A Night at the Hospital – 1 & 2

icu_bed_space20130618110113[Weekly Writ is an entertainment project where we take story suggestions from our Your Ad-Vantage Facebook page and turn those ideas into a silly flash-fiction or commercial-style vignette every week. This week was written by Your Ad-Vantage’s Lee Rugen! This story has two versions to show how drastically mood can affect the same plot.]

Version 1 – Humorous

“Unless something comes up on the last test, I think you’ll be able to go home tomorrow.” I was clinging to those words that the doctor had uttered when he stopped in the room before dinner.

This hospital room has become a jail of sorts. Don’t get me wrong. The nurses, the doctors, even the orderlies that clean up the ghastly messes that I can’t even imagine – they’ve all been wonderful – but this sterile environment crowded with sick people…it’s taking it’s toll. I’m not sure I enjoy being the center of attention as I pass one room after another during my walks every two hours. But I do it anyway to get my strength back. I want out. Three weeks is a long time.

I should know in the morning. It’s late and the family’s gone home for some much needed rest. All I need to do is sleep through one more night here. Just a few more hours. I shudder from a chill. How many hospital blankets does it take to keep a patient warm? I’m too tired to come up with a punchline, but I still smile as I close my eyes.
It’s 12:42.

Something icy cold grabs my wrist. I jerk my hand away. “Oh, did I startle you?” The lab technician looks about as tired as I am. “I thought you were asleep.”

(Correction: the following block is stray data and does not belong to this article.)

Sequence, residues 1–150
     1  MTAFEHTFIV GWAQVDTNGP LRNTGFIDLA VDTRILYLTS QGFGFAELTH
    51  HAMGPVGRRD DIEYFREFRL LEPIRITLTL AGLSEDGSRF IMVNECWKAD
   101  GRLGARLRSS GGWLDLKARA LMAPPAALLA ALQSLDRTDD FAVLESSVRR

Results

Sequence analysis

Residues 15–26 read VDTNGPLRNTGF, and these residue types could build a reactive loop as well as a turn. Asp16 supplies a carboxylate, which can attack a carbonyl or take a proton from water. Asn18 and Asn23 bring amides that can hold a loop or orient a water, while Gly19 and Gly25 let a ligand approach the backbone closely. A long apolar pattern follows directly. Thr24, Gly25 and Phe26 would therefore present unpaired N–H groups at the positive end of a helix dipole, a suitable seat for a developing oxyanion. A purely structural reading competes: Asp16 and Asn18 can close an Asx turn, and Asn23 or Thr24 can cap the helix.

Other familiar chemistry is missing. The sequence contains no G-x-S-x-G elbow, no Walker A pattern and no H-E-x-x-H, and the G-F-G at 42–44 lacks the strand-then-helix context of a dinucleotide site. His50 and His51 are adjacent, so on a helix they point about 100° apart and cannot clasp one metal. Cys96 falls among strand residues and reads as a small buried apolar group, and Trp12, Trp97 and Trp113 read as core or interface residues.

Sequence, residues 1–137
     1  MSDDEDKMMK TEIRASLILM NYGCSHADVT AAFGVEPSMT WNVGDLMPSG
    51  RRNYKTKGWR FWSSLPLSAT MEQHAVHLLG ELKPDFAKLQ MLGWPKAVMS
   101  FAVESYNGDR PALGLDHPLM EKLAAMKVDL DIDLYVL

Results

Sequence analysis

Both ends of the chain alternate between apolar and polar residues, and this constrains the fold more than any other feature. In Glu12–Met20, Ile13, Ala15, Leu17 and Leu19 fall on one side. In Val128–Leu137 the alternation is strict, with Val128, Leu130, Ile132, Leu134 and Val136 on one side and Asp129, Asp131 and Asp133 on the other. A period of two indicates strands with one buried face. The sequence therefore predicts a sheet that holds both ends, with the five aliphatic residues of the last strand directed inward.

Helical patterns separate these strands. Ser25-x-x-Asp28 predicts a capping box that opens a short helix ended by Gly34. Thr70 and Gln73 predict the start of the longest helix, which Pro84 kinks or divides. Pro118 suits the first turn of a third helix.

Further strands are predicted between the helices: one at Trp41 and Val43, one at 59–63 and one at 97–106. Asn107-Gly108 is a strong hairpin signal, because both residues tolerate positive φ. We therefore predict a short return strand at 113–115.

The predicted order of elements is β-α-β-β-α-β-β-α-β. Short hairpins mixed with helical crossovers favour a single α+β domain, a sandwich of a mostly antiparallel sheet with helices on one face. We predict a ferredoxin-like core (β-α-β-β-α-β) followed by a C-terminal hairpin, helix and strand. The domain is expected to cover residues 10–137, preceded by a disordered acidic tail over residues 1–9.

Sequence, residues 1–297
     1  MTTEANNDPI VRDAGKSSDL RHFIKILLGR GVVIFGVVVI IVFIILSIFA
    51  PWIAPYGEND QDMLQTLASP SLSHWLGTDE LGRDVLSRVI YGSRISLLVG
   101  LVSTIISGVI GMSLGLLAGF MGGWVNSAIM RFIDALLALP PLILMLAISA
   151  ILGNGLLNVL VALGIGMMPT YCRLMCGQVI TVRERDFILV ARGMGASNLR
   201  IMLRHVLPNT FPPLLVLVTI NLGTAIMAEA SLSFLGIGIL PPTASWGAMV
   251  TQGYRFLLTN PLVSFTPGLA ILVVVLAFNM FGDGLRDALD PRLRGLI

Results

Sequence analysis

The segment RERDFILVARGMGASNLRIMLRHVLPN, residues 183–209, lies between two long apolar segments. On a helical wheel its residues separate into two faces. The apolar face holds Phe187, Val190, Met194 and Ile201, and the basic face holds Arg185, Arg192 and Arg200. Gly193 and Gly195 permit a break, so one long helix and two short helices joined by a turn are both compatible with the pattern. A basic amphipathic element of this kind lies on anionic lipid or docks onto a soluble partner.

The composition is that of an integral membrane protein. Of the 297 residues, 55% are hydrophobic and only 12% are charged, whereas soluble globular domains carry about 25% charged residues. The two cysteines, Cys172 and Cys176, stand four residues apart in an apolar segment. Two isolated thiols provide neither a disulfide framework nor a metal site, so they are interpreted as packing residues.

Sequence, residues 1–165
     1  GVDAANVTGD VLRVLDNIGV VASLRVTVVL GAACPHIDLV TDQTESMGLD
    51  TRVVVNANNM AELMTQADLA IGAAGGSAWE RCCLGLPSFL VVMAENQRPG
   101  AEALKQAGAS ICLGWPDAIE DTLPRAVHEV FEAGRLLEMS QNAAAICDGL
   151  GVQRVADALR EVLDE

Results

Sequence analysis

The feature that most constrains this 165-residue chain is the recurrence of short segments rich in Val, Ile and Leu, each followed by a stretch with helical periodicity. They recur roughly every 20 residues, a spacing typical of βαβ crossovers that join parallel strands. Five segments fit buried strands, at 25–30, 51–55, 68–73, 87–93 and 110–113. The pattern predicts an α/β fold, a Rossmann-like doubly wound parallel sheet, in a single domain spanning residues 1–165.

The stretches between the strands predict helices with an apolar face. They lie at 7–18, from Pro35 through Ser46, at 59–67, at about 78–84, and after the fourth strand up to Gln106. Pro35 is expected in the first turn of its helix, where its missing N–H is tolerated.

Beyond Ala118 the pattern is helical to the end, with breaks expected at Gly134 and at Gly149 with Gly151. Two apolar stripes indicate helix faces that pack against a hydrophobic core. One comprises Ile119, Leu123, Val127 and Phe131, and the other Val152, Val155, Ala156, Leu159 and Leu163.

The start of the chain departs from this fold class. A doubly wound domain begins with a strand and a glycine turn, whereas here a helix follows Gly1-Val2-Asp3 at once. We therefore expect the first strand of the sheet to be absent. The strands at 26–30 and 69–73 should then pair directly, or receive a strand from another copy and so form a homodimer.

“Well, I was.”

“Sorry, you’re my last stop tonight. We need one more sample, Hey, I heard that if all goes well you get to go home tomorrow.” Reassuring words…but now, I just want to sleep.

“That’s what they tell me,” I mutter. One more prick to the human pincushion couldn’t hurt, right? Ouch! Nevermind.

As he leaves I fidget with the mane of the stuffed giraffe my wife left to keep me company. The fibers tickle my oversensitive skin, but that’s okay, because It smells like her. It’s 1:17.

The steady beeps of my own monitor are making me drowsy. It’s reassuring. That wasn’t always the case. At first, it would keep me up all night. I would stay up to make sure no irregular beats broke the steady rhythm, dreading the moment when those beats would eventually succumb to a steady drone. But now, (yawn) I feel –

I jerk from the unexpected hacking of my roommate. No offense, I mumble silently, but you remind me of the goats at the petting zoo. He shifts in his bed and the wheezing subsides a little. It’s 2:04.

The sheet that separates us offers little privacy, but I reach out to hide him so I don’t have to see those odd faces he makes in his sleep. Are his eyes open? At least he isn’t subconsciously picking his nose anymore. I need to focus! I’ve got to get some rest.

My attention turns to the conversations going on at the nurses station. I don’t hear words, but a mix of laughter and reassuring tones. They calm me; their kind voices helping to dispel the unrealistic nightmares of late-night hospital dramas worthy of Grey’s Anatomy.

I turn the pillow and settle in again. It’s 2:57. Finally, my eyes start to droop.

“And how are we doing tonight?” My eyes pop open. The nurses smile is disarming as she checks my stats…but I’m still irritated.

“Not bad,” I say.

“Maybe you should get some sleep.”

“Good idea.” It’s dark enough, so I feel safe rolling my eyes. She leaves but I’m wide awake again.

Tap. Tap. Tap.

Something is causing the shades to methodically caress the window pane. The AC? My neighbor’s fan? Once again, I shift uneasily so my ears point in a different direction. It’s 3:22.

Whine-swish. Whine-swish. Whine-swish.

The old copier by the nurse’s station must be printing a book. I gently swing my feet over the side of the bed and slip on my sandals and stumble to the entrance of the room. I slide the door shut. What little light that was available diminished futher. Somehow I manage to get back to bed without stubbing a toe. It’s 3:38.

Drip drip drip.